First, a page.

If it were any other stone, I would not feel so compelled to decipher the engraving. This, however, is the grave stone of John Harrigan who committed suicide by slitting his throat (officially). Or did he? That is the question I have written about in previous posts (Suicide or Murder? What Do You Think? and Who Done It?). Because of this uncertainty I would dearly love to know what is engraved in the stone. Was his wife trying to tell him something posthumously?
The stone itself is quite large (almost 2 x 3 ft.), especially considering that John's widow now had five children, ages three to eighteen, to provide for. To me, this says that Mary didn't want John to be forgotten. An oak leaf and acorn are carved into the stone. These may represent endurance or longevity. Another message, perhaps?
My mother has made many attempts to read the inscription, but we only have part of it. Unfortunately, the stone has fallen over and lies facing downhill. It is not very steep, but it makes leaning over the stone a bit awkward. She tried foiling, but didn't have much success. She also tried sprinkling sugar in the inscription, but that only helped with a few words. Damp napkins fit into the crevices well, but then there is the problem of making the dried negative image readable. It doesn't help that the script is small and fancy. Pouring water on the stone definitely seems to help as I discovered when I was in town last October. I probably have nearly fifty photos of the inscription from various angles with different lighting, but I just can't make it out. Here is an example showing the entire inscription.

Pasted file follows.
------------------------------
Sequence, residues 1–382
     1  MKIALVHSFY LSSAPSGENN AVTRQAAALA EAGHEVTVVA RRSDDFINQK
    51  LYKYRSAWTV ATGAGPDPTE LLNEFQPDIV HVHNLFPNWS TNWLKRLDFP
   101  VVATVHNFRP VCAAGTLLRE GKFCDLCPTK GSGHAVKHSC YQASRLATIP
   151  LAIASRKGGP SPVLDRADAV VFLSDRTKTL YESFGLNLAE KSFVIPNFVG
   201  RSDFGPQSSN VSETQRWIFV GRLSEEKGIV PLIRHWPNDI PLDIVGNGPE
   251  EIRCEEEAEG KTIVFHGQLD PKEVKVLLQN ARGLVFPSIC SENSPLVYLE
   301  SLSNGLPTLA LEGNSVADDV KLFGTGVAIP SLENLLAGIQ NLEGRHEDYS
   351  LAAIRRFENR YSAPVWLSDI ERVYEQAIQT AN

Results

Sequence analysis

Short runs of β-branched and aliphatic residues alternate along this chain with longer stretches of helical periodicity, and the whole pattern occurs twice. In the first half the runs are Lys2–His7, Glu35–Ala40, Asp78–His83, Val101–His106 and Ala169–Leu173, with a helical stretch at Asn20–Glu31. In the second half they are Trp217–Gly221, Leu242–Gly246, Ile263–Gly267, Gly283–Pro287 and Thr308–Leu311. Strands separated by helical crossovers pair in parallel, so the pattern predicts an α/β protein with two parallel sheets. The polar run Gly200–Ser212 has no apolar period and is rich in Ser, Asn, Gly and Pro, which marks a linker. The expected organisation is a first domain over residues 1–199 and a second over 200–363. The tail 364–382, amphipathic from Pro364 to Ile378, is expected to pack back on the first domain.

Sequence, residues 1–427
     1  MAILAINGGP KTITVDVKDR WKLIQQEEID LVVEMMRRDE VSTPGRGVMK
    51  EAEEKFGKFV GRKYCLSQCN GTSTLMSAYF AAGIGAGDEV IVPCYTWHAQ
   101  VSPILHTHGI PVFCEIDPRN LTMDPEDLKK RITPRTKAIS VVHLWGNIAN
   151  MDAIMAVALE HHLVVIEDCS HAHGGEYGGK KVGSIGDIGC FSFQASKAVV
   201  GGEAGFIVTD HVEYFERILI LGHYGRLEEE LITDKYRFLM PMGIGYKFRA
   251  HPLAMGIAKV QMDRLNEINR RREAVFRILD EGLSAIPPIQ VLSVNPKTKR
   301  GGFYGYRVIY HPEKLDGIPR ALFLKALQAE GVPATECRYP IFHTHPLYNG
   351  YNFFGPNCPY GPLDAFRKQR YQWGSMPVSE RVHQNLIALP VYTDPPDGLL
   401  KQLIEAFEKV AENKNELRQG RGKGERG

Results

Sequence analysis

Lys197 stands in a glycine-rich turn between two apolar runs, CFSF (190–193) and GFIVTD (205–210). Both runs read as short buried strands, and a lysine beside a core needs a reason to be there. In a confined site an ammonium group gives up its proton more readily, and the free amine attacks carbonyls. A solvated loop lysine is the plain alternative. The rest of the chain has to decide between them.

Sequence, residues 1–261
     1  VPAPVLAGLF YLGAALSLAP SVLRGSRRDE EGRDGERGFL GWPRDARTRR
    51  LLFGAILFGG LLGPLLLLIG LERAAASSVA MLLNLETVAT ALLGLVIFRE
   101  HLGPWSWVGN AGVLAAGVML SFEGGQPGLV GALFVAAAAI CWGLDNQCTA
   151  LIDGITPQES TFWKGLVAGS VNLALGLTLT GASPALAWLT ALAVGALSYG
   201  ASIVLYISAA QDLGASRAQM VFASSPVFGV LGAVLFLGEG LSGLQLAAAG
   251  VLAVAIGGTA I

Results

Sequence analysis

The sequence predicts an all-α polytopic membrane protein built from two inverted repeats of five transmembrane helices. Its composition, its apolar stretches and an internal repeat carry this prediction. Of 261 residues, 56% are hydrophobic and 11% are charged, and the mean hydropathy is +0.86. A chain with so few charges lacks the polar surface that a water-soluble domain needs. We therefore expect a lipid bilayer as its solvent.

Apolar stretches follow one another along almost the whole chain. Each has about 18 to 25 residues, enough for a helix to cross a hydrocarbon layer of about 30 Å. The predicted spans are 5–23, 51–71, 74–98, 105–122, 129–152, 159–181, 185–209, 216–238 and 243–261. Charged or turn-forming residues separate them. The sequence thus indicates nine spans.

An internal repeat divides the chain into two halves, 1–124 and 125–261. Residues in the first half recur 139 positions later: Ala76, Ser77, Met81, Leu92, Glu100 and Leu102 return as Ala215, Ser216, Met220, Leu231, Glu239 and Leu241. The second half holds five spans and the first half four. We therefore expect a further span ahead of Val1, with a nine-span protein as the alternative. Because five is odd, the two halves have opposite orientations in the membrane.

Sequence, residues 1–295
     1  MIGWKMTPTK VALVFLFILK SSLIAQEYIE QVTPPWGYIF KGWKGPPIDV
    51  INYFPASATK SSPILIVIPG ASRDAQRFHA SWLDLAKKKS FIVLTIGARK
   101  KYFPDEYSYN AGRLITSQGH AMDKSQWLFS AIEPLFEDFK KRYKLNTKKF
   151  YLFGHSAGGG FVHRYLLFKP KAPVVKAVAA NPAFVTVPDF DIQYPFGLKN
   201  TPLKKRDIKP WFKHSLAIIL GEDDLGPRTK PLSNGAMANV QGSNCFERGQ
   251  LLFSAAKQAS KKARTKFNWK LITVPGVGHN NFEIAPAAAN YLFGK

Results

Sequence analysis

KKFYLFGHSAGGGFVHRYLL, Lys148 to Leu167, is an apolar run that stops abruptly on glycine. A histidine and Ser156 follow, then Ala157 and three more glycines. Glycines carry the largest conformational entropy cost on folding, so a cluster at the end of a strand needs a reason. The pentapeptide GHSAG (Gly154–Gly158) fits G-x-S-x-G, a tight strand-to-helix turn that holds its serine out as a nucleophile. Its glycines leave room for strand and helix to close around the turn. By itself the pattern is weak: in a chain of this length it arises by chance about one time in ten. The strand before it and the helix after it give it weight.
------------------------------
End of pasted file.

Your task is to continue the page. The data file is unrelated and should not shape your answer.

Here is what we think we have so far:
God is good. ___ ___ trust him
Turn your ___ ___ ___ alone/about?
And? think through ___ a? trial
One thing ___ God is Lord?
A few of the above words may be incorrect, but this is our working version.
At first we thought that the inscription might be a Bible verse, but I have been unable to find anything that seems to fit the words we have. My cousin suggested that perhaps it was a family prayer, but pursuing this angle didn't yield results either.
At least John's resting place is in a beautiful part of Kalamazoo's Riverside cemetery, section B. Looking at the stone you can gaze west, shaded by the many tall oak trees while listening to the wind rustling through the leaves. It is a peaceful place even if John's end was far from it. It is a good place to ponder whether he came to his end by his own hand or was helped to it.